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Tuesday, October 6, 2009

Pay me my money down

Several helpful readers have steered me to this story, about the Federal Trade Commission's plan to require bloggers and others to disclose when they are being paid to say nice things about a particular product or service in their writings. I've only been paid to blog once -- the golden era of the Marqui paid blogger program -- and as I happily discharged my duties, I made it clear to readers what was going on.

I think the readers who sent me the latest tip are expecting me to react with outrage. Heck, no! Pay me to blog, people, and I'll gladly reveal it. It reminds me a little of the argument that income taxes discourage people from earning. Whoever said that isn't talking about me. Will work for income, baby! Even ordinary income. As long as it's paid in cash, I'll take care of the revenuers.

Comments (8)

Actually, I was thinking of potential effects of big brother's scrutiny of bloggers who offer commentary about commercial matters and aren't paid -- even if that scrutiny is merely to determine they aren't compensated. Chilling effect, slippery slope, etc. How many modern potential cyber-Tom Paines might be discouraged if they have to contend with the FTC?

We have to get over the notion that the internet is the vast unregulated wild west show of the past. It is too big and carries to much power and influence to not have some degree of regulation.

As Jack alluded to, if you pimp a product, let everyone know what you are doing. If you are promoting a product without compensation, then contact the maker to get you a lil sum-sum too.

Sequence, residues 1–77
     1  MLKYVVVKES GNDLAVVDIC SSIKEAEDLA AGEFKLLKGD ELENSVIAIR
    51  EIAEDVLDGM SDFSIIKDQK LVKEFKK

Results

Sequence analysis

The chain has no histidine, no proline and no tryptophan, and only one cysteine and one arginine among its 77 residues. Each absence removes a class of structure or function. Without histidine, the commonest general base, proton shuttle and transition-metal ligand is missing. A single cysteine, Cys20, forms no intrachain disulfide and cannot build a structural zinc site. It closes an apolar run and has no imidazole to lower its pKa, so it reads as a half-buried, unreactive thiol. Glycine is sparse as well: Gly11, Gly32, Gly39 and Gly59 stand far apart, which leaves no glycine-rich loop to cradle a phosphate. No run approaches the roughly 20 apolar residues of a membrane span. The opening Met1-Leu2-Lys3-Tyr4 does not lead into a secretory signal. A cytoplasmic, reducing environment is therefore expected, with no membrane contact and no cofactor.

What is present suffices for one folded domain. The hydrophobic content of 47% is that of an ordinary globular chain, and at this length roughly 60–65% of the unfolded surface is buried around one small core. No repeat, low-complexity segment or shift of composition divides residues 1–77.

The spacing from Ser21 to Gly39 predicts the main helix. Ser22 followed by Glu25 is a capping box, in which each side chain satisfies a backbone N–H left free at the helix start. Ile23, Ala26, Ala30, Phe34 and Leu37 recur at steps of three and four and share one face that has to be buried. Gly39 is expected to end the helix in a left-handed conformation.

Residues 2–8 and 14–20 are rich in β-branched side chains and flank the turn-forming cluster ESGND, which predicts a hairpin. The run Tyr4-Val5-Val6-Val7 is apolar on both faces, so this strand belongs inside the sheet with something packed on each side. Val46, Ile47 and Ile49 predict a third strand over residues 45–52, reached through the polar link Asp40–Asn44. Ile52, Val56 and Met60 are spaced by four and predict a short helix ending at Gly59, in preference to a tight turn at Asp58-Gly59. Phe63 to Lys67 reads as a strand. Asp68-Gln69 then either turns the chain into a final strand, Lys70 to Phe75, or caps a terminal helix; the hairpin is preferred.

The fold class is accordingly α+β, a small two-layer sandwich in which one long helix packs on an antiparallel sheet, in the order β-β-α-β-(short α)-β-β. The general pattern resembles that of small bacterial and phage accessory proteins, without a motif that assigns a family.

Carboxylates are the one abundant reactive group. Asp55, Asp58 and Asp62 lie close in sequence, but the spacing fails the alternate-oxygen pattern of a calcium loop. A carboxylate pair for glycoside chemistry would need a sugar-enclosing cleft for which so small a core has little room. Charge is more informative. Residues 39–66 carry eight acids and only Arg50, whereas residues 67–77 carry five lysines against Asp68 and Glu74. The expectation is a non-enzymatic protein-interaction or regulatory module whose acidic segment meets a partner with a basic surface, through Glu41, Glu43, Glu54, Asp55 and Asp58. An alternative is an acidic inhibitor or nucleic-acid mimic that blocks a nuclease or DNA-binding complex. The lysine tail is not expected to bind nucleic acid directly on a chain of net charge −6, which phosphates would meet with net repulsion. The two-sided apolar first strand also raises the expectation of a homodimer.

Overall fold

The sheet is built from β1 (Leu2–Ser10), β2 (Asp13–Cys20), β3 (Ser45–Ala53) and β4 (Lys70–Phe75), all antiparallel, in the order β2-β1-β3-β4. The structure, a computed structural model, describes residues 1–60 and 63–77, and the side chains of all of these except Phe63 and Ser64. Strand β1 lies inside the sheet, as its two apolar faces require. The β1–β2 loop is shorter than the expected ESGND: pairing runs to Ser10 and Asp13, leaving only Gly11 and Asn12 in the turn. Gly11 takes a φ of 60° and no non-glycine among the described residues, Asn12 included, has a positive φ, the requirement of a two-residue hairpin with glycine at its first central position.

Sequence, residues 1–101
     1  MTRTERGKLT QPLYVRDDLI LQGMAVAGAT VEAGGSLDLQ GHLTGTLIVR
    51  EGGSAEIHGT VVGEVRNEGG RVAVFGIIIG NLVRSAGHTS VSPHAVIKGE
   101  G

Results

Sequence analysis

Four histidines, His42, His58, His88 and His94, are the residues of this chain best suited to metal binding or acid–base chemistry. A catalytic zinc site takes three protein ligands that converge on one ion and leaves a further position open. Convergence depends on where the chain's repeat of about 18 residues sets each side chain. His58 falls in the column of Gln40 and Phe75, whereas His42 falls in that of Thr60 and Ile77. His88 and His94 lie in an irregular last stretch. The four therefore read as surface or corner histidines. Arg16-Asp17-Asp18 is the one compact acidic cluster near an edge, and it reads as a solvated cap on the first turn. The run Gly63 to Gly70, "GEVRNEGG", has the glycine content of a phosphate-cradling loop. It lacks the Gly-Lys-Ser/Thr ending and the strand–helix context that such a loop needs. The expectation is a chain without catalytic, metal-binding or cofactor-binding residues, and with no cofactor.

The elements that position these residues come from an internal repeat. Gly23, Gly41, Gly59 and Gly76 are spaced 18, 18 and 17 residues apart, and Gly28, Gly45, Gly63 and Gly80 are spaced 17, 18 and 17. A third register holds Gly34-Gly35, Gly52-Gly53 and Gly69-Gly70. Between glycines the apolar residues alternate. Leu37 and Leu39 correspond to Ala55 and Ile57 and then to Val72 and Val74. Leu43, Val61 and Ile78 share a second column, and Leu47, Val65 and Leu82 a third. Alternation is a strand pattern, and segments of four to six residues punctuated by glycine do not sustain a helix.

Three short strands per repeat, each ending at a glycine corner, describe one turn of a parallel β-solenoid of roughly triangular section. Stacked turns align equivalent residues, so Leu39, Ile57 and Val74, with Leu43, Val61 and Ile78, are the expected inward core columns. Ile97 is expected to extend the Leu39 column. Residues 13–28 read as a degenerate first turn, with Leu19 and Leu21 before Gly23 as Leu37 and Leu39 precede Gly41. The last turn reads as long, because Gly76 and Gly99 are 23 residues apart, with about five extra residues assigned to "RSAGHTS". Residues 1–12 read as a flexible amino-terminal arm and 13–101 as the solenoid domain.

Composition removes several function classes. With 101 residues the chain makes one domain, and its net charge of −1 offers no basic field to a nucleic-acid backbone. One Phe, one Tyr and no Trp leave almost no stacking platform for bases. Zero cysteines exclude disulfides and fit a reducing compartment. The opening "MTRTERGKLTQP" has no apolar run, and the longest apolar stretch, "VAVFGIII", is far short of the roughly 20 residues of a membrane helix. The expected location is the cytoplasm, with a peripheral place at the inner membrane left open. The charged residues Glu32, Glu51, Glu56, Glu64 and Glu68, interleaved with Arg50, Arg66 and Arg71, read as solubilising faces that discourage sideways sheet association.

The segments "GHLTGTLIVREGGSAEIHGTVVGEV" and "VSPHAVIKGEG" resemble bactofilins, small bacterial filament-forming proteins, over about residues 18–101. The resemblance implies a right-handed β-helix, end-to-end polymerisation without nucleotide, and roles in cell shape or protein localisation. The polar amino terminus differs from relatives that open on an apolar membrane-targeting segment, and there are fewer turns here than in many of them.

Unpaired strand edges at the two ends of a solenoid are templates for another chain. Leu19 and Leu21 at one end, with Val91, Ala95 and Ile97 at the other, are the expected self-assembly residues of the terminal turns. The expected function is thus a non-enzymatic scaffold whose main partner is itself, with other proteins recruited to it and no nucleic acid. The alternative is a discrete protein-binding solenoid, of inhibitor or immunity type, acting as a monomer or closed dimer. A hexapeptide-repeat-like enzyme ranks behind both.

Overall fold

Could one aptly refer to the new regulation as a "Truth in Blogging" stipulation???

___Ora et labora___


I'd like to see that concept applied by the SEC to stock related chatrooms and blogs.. enhanced to acknowledge if they or their affiliated organization own the stock they are commenting on, if yes, is it a long or shorted position, if they are employed within the financial/hedge fund industry and if yes, are they a market maker or stockbroker, and if they were compensated to make such comments.

A significant amount of complimentary web content is paid for. Several well-known programs pay folks to write favorable product reviews, for example. Some say most online product reviews are of this type--I'd say less, probably half. So, I rarely trust "reviews" when choosing products.

And once again, the government's clueless. Wait for when they attempt to define "blogger", and the ease with which that definition can be avoided.

So a guy in Great Britain starts blogging about Ameican candy companies is he going to have to register with the FTC and since he is in Britain how are they going to enforce it if he doesn't register with them?

I'd like to see that concept applied by the SEC to stock related chatrooms and blogs

They do, if you keep at it long enough.

That reminds me. I need to buy some advertising from you.

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